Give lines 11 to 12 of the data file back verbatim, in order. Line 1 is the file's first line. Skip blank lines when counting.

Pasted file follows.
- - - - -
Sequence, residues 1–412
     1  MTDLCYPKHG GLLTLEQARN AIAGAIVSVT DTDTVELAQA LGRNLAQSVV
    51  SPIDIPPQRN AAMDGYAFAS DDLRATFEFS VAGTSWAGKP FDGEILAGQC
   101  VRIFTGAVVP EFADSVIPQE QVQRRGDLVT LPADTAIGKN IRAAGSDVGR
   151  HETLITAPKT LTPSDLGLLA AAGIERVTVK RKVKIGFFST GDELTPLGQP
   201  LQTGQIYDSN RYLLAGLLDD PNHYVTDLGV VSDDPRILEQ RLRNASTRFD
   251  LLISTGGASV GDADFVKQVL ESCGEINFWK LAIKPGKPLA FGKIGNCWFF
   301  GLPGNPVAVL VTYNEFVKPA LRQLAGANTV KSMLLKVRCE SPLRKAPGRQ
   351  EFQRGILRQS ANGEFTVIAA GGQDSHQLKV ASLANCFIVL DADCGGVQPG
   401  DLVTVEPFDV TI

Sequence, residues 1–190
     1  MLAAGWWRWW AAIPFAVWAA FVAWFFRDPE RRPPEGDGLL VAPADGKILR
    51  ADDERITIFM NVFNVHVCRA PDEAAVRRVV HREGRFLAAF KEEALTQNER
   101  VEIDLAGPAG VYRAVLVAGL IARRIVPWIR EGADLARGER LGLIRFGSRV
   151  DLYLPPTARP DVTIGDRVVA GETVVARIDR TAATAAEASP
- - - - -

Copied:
Sequence, residues 1–190
     1  MLAAGWWRWW AAIPFAVWAA FVAWFFRDPE RRPPEGDGLL VAPADGKILR